10-Year-Old Boy Finds Centuries-Old Sword in Northern Ireland
The first day a schoolboy who got a metal detector on his 10th birthday, fortunate found a sword, was thought to be around 300 years old.
The sword was buried in land near his own home in late last month by Fionntan Hughes of Derrylaughan in County Tyrone.
He was with his father, Paul Hughes, who identified the discovery as the case of “beginner’s luck”.
The family do not yet know the sword’s exact age or its origin but are hoping a museum will take an interest in it.
Several antique arms dealerships have examined photos of the artefact and most of them estimate that it dates back to, or around, the 18th Century (1700-1799).
Mr Hughes told BBC News NI he had no idea how old it was but he was keen to get it into the hands of experts so he could find out more about its provenance.
He explained that Fionntan had been asking for a metal detector for some time, so they decided to buy one for his 10th birthday last month.
The evening of Wednesday 29 July was the first opportunity they had as a family to try out his new present, so father and son went detecting with their cousin Darran Hanna on land near their home.
Fionntan’s detector signalled twice earlier that evening but Mr Hughes said both objects turned out to be insignificant “trinkets”.
The third signal, however, led the schoolboy to uncover the rusted weapon buried only about 1ft (30cm) below ground.
“I didn’t know what it was until it was cleaned up,” Fionntan said.
The schoolboy added he felt “quite excited” when he realised it was a sword.
‘Plum pudding pommel’
Confirming its age has proved difficult due to its condition, but estimates from several sword dealers and military historians range from the late 17th Century right up to the early 19th Century.
“What a fine thing to find,” said Philip Spooner, who has been an antique arms dealer for more than 30 years.
“The sword is basket hilt-type sword as used by English officers and dragoons from about 1720 to 1780, or it could be a Scottish basket hilt of about 1700 to 1850.”
Mr Spooner added he felt it was “most likely an English officer’s sword”, due to its ornate design.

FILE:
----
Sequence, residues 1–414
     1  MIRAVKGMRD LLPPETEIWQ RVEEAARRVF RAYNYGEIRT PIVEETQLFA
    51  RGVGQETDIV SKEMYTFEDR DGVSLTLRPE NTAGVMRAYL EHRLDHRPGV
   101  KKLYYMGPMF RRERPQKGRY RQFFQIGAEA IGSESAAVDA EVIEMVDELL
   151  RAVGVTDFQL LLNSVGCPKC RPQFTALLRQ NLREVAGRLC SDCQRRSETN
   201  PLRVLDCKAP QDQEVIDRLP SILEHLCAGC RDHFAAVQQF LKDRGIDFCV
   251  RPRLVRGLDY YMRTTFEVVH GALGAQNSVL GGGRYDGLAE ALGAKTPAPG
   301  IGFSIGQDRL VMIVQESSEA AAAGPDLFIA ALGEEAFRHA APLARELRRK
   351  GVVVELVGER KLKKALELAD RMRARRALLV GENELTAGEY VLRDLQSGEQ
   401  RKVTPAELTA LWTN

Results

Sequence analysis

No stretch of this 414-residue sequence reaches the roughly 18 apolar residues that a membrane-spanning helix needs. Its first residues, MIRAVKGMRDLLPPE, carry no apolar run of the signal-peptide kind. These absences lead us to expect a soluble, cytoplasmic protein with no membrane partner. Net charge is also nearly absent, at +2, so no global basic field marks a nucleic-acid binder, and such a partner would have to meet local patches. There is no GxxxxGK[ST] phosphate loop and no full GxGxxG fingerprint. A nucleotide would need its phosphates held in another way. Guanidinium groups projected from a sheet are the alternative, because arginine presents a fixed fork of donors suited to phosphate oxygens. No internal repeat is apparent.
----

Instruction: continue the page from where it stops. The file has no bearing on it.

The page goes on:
Brothers Mark and David Hawkins, who have more than 55 years experience in the antiques trade between them, explained it was difficult to assess the sword from photos, due to its condition.
“All that thick, rusty mud might easily be exaggerating the shape and size of everything,” they said.
“We think it is likely an English basket-hilted broadsword, with flattened bars and large, plum pudding pommel – typical of the early types.”
The brothers said this particular design began to appear from 1610 onwards, to about 1640.
However, as some design patterns were in use for more than 100 years, they said they believed this sword most likely dates from the “late 17th to the early 18th Century”.
Mr Hughes said he now needed advice on how to preserve the artefact which he fears is “deteriorating by the day”.
“The last thing I want is for it to be left rusting away in my garage,” he said, adding he would prefer it to be in the hands of experts or on public display.
He has reported the discovery to Dr Greer Ramsey, curator of archaeology at National Museums NI, who is in the process of determining its age and type.
There is no tradition of metal detecting in the Hughes family, but a few years ago Fionntan had shown an interest in the hobby so they bought him a cheap detector which was little more than a “toy”.
For his 10th birthday, they “decided to invest” in more expensive equipment.
After what turned into a very productive first outing, Mr Hughes laughed that the investment “appears to have paid off already”.
Fionntan said he wasn’t sure what should happen to the sword next but he hoped it might be worth “some money”.
For now though, he can’t wait to go metal detecting again so he can look for more buried treasures.